'Bryson admitted having sex with both women three years apart, in 2016 and 2019. “I would never hurt a woman” Isla said following the verdict.
[The Judge] urged the jury to find the accused guilty of both charges.'
Stories don't get much more vogue than that of Isla Bryson. What is forgotten in this rape suspect's tale of transitioning while waiting for trial is that he/she claimed the sex was consensual, pleaded not guilty, and said 'I would never hurt a woman' following the verdict.
We can't know what was talked about in the jury room – a situation that is itself badly in need of change – but we can be more sure about the cultural politics that would have surrounded the discussion.
There is a suspicion of people convicted of sex offences being seen as transitioning for an easier life inside, or being able to move to a women's prison, but prisons are much more complicated than the public realise. As in the community, diversity inside is tolerated, grumbled about, and eventually accepted. Isla would have no easier time at a woman's prison than a men's, and arguably quite the opposite, due to the nature of 'their' alleged offences.
While the nation combusts in a post-Gervaisian orgy of I-told-you-so's, the fact remains that due process seems to have been almost forgotten in the desire to condemn the transitioning process by other means (not to mention the person transitioning). A violent, premeditated, horrific rape in the manner or Wayne Cousins this was by all accounts not; the complainants were people Bryson had met online, he had enrolled on a beauty therapy course, and the trial a relatively mundane he said/she said affair.
Originally a male named Adam Graham, Bryson has claimed to have known s/he was transgender since the age of four, but did not decide to begin the process of transitioning until 29. At the time of the trial s/he was undergoing hormone treatment and seeking surgery to complete gender reassignment.
It was as Graham that Bryson committed (what were found to be) rapes seven and three years later in the Glasgow and Clydebank areas. Isla initially appeared in court as Graham, but began undergoing gender reassignment therapy before trial. In 2021, and while awaiting trial, she also enrolled as a woman on the course where the majority of her fellow students were female. The course featured a combination of theory and practical work. There is no data for nor suggestion of Isla having targetted these women.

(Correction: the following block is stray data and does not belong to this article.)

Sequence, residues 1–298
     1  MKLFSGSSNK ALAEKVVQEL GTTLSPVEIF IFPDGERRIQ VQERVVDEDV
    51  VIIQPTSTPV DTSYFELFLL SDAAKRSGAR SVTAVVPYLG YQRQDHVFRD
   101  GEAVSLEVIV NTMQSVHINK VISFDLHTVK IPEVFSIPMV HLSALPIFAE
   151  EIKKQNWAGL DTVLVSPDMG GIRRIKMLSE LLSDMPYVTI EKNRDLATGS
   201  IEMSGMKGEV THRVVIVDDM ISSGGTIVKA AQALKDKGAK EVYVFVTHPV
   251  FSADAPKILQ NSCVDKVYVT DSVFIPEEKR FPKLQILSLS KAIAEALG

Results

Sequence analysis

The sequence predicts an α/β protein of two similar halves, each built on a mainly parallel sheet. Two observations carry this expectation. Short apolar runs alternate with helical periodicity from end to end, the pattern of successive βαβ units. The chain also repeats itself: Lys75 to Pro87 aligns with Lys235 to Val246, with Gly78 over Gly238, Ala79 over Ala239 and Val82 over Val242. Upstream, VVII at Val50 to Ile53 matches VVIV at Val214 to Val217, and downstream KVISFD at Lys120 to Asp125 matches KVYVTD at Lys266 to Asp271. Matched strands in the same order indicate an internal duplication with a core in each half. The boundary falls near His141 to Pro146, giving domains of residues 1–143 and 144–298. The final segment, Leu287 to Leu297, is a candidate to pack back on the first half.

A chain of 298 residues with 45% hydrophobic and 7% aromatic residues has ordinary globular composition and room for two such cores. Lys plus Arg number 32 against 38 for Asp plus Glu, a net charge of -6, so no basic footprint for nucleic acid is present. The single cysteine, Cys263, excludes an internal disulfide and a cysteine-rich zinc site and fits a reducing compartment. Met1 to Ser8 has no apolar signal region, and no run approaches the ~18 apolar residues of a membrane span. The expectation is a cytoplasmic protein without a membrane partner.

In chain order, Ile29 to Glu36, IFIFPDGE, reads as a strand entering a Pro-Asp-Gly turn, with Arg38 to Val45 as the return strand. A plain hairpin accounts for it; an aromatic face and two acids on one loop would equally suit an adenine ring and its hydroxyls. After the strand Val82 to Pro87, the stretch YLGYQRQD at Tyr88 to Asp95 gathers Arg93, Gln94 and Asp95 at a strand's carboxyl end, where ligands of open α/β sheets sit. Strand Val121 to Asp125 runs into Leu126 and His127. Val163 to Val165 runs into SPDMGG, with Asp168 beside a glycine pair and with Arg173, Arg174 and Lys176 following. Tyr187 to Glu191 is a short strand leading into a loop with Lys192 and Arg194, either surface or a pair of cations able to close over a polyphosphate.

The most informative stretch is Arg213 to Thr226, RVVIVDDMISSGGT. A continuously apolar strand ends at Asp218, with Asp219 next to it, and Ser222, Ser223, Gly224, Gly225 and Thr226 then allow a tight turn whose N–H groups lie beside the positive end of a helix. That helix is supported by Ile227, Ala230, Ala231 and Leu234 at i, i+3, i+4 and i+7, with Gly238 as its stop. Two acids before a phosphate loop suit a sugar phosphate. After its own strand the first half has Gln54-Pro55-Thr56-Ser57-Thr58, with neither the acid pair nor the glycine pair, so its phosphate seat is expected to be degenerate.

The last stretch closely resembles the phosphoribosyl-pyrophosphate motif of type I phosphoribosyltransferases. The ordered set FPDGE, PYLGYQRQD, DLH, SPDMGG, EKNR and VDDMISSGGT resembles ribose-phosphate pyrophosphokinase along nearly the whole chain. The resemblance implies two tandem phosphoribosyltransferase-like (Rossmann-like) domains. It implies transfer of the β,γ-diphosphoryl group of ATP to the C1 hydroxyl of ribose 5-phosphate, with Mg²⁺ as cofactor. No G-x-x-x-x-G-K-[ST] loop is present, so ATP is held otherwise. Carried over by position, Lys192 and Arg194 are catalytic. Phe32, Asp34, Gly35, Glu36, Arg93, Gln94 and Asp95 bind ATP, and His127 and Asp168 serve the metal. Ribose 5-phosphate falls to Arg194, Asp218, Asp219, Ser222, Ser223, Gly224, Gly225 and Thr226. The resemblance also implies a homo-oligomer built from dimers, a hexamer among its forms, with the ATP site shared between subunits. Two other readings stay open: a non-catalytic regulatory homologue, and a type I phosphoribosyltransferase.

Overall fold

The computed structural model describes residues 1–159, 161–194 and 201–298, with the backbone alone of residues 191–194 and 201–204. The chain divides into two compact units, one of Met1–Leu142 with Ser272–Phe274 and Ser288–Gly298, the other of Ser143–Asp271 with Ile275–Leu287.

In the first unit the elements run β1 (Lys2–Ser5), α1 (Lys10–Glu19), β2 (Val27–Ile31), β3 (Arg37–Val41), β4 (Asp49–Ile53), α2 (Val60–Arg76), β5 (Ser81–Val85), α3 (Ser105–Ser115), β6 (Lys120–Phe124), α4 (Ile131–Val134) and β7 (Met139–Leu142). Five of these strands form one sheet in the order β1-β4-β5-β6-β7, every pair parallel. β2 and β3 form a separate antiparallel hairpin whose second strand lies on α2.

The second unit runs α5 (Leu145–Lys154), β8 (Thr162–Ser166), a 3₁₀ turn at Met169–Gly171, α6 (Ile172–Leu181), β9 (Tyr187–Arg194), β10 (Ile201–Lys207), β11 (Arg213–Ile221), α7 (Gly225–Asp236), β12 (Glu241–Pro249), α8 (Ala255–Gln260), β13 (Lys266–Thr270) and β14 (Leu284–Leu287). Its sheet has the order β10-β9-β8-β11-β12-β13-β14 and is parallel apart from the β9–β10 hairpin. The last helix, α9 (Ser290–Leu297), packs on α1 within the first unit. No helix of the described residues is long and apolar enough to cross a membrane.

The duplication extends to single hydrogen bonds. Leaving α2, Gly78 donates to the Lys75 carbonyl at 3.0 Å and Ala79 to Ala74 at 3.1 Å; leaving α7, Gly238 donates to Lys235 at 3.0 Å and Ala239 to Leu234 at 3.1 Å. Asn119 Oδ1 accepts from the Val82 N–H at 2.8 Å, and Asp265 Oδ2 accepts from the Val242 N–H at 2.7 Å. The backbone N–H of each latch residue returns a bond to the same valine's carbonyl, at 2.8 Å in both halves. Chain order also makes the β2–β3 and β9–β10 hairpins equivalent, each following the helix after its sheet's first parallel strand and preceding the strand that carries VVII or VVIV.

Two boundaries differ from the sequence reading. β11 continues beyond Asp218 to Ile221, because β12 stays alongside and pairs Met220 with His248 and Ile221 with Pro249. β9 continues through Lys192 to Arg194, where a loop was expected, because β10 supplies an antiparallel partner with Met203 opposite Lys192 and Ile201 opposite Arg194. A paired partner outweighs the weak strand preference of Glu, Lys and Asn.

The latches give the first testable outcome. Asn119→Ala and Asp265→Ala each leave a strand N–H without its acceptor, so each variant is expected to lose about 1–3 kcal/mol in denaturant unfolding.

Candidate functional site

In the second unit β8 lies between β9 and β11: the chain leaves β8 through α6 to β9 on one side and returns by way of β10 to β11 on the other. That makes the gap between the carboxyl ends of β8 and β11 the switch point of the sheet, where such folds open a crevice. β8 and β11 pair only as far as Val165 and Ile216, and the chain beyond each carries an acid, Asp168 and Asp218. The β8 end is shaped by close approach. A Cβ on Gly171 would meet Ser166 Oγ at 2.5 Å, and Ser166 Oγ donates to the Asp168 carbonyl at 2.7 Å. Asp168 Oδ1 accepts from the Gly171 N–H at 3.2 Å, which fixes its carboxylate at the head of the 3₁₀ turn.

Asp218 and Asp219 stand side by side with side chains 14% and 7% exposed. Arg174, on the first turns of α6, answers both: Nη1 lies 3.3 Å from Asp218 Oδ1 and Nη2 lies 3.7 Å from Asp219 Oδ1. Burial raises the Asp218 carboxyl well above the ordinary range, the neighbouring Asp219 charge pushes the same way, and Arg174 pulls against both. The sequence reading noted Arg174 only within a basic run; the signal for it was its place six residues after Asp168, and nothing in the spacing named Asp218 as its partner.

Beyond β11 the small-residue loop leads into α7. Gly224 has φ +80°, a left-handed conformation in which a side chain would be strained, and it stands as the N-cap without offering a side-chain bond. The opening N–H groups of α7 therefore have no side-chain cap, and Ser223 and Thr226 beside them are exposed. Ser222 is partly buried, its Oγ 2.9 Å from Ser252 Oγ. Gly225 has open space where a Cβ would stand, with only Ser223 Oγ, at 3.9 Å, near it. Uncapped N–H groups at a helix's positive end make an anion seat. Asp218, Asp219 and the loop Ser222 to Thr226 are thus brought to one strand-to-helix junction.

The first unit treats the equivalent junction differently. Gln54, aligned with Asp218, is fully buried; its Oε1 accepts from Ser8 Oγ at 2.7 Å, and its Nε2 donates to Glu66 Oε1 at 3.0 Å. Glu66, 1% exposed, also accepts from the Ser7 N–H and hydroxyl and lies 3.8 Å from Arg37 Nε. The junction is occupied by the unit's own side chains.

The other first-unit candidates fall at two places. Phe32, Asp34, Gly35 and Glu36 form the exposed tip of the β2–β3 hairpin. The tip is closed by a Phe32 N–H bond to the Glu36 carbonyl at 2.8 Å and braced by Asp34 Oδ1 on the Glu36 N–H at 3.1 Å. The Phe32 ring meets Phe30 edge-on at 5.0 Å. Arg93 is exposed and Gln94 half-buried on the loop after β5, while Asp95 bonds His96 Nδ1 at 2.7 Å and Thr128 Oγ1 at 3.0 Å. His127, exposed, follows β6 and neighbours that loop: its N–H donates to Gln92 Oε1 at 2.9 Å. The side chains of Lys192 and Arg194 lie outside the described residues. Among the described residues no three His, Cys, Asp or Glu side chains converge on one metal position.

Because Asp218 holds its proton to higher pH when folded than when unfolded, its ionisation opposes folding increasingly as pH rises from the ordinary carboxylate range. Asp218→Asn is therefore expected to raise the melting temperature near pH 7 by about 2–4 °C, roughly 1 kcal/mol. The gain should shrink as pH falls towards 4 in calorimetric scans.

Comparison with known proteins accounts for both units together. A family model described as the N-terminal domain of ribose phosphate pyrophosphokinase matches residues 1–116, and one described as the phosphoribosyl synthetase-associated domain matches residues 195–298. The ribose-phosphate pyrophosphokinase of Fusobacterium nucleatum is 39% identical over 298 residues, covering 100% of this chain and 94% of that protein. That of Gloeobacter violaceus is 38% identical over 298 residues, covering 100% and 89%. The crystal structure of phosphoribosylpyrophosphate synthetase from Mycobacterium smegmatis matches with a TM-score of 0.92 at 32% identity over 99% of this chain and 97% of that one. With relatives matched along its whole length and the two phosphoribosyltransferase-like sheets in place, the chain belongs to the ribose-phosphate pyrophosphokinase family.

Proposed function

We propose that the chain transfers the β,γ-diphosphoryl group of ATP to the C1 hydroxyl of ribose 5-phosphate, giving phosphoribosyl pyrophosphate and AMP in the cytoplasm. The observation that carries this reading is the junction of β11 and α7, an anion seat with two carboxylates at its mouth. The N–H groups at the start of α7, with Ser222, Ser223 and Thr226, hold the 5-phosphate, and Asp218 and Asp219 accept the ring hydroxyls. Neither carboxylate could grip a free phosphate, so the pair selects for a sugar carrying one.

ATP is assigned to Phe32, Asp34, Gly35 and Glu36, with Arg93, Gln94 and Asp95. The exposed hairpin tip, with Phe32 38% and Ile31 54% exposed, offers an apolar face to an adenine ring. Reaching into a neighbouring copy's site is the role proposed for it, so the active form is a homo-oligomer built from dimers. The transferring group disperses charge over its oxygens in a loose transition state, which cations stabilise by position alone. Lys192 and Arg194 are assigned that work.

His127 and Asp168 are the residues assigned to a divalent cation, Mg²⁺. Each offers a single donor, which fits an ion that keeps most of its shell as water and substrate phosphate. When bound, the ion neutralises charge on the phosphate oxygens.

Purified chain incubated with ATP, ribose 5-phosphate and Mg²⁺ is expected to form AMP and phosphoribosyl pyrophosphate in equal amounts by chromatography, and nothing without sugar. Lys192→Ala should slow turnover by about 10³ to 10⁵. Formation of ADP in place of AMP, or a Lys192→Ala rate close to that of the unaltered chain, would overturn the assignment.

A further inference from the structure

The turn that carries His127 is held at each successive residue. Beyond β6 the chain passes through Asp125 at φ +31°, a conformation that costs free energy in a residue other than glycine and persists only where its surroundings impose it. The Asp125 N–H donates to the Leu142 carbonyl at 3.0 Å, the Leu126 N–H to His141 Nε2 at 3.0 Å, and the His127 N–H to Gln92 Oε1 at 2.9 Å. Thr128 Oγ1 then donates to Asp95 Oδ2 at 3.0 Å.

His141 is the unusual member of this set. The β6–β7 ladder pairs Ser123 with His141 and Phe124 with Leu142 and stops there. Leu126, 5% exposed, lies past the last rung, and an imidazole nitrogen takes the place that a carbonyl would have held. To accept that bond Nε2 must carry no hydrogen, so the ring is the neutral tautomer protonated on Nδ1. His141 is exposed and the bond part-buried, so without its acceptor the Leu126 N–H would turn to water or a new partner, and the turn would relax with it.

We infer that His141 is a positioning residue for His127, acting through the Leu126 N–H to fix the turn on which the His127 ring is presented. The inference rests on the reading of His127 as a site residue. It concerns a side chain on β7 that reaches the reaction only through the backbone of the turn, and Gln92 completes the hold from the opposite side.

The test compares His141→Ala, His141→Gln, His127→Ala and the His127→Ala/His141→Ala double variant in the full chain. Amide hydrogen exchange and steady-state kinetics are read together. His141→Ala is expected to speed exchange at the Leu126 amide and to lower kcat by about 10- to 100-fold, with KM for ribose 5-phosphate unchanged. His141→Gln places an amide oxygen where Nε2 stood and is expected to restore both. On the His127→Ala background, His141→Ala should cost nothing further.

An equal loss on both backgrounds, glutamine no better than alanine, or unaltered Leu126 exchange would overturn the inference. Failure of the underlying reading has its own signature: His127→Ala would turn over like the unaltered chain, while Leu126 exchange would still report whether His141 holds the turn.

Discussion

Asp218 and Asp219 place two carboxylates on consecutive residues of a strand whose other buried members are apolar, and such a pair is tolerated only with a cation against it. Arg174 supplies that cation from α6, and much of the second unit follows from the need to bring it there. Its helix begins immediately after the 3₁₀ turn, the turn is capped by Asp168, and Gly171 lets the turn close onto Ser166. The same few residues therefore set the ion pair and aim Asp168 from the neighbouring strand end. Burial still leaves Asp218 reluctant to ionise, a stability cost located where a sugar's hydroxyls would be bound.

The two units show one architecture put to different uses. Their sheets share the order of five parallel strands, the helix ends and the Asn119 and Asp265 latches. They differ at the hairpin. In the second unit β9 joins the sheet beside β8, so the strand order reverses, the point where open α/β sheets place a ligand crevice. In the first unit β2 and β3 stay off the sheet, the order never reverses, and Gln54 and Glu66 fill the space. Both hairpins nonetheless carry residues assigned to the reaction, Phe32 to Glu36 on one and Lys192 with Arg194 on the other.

Following a six-day trial in Glasgow, Bryson was convicted on 24 January 2023. At the time of her conviction s/he was believed to be the first transgender woman in Scotland to be convicted of rape. Judge Scott warned Bryson s/he faced a "significant custodial sentence".
In a show of evident candour Bryson admitted having sex with both women three years apart, in 2016 and 2019. The 31-year-old gave evidence in her own defence during the trial, claiming s/he had consensual sex with the women.
The jury, however, didn’t believe her version of events, and returned a guilty verdict. In his closing speech to the jury, Prosecutor John Keenen KC branded Bryson’s claims of consent as “unreliable" as he urged the jury to find the accused guilty of both charges. He said Bryson’s account “was in stark contrast” to the detailed version of events given by both complainants, aged 30 and 34.
The Judge said: “When you examine the accused’s version of events, it’s lacking any real details of how these supposed sexual encounters actually occurred.”
He went on to say Bryson’s testimony in the witness box was “long and rambling” while both women gave the court “credible” accounts.
Whatever your view of transgender people or attempts to do time in a women's prison, there are still 1400 wrongful convictions per year according to the CPS. Isla Bryson pleaded not guilty and stood trial in a time of 'believe the victims'. Under these circumstances, the jury at False Allegations Watch (FAW) is still out.
By Sean Bw Parker
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